Posts Tagged ‘stories’

Truth and Stories

June 6, 2018

flame

There is an expression for communicating among humans– ‘breaking news’.   It refers to very fresh, not old, information that is sufficiently significant that the old reality, the older news, will be changed by it.  Like a newborn emerging from its eggshell it presents a fresh perspective upon our shared world.

Often our view of the world is a bit stale and habitual. Habits are a source of comfort , as old friends.  However, since things constantly change with the passage of time, it may be necessary to freshen up our grasp of reality, of truth itself, if our position isn’t comfy anymore, if our rear ends sag too near the road upon the life path.

What do you take as a ‘given’ that might not be so?  Is there anything that simply won’t ‘come true’ no matter how hard you believe it?  Have you begun to no longer trust your own thoughts, your own feelings, maybe your own senses?  Danger, danger!  No matter how the New Agers sell the power of ‘manifesting your perfect life’.  it has to be do-able here upon the Earth-Mother. 

It may be time to still yourself, ground yourself, reconnect with your own heart and soul, where in truth we are already part of perfection.  Make certain that the news you pass along is truth.

There is also a Druid slogan, ‘Truth against the world.’  That truth is known as Awen,  insight into the eternal and immutable.  All things that manifest can only do so to the extent that they are part of that Truth.  Check it against inner Awen, if you have come across it out in the World.

 

Salman Rushdie has written things that ring true, even presented as fiction, enough to perturb many people whose perspectives are a bit rigid.  He wrote recently about the dilemma of #fakenews  that can get its readers or listeners confused about how our world actually is.  Those who shout loudest that something is #fakenews may actually want us to instead stop thinking and trust the brand of expertise or authority they are touting at the moment.

 

“I have argued, for much of my life as a writer, that the breakdown in the old agreements about reality is now the most significant reality, and that the world can perhaps best be explained in terms of conflicting and often incompatible narratives. In Kashmir and in the Middle East, and in the battle between progressive America and Trumpistan, we see examples of such incompatibilities. I have also maintained that the consequences of this new, argumentative, even polemical attitude to the real has profound implications for literature—that we can’t, or ought not to, pretend it isn’t there. I believe that the influence on public discourse of more, and more varied, voices has been a good thing, enriching our literatures and making more complex our understanding of the world.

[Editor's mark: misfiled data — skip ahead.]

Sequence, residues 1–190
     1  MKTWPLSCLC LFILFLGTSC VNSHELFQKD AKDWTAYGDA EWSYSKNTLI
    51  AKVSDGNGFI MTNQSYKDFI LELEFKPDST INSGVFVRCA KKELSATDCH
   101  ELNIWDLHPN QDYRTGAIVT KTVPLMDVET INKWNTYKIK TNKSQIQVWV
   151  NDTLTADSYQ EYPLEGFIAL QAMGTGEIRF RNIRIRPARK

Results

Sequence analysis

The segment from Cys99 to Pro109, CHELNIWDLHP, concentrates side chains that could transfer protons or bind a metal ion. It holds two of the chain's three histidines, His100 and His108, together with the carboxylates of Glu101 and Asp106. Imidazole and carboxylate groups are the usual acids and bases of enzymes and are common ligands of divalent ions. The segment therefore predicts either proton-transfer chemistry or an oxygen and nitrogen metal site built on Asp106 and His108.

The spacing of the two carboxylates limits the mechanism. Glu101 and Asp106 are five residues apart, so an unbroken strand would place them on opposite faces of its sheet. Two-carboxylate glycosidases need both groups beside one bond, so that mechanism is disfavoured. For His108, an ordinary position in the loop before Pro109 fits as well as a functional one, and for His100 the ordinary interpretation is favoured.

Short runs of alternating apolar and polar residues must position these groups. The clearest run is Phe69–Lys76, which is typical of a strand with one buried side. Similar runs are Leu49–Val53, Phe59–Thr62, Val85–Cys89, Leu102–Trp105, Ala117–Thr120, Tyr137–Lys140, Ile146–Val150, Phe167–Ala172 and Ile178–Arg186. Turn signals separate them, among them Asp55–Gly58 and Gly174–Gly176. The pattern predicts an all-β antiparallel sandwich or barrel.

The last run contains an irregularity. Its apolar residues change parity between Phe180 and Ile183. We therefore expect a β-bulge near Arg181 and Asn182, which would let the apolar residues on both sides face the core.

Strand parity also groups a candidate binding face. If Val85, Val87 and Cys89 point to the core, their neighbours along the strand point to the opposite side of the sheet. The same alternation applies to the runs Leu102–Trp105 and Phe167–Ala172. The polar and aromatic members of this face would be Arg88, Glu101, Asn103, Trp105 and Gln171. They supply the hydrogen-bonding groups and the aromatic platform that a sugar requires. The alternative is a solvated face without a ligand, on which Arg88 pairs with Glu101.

“And yet I now face, as we all do, a genuine conundrum. How can we argue, on the one hand, that modern reality has become necessarily multidimensional, fractured and fragmented, and, on the other hand, that reality is a very particular thing, an unarguable series of things that are so, which needs to be defended against the attacks of, to be frank, the things that are not so, which are being promulgated by, let’s say, the Modi Administration in India, the Brexit crew in the U.K., and the President of the United States? How to combat the worst aspects of the Internet, that parallel universe in which important information and total garbage coexist, side by side, with, apparently, the same levels of authority, making it harder than ever for people to tell them apart? How to resist the erosion in the public acceptance of “basic facts,” scientific facts, evidence-supported facts about, say, climate change or inoculations for children? How to combat the political demagoguery that seeks to do what authoritarians have always wanted—to undermine the public’s belief in evidence, and to say to their electorates, in effect, “Believe nothing except me, for I am the truth”? What do we do about that? And what, specifically, might be the role of art, and the role of the literary arts in particular?”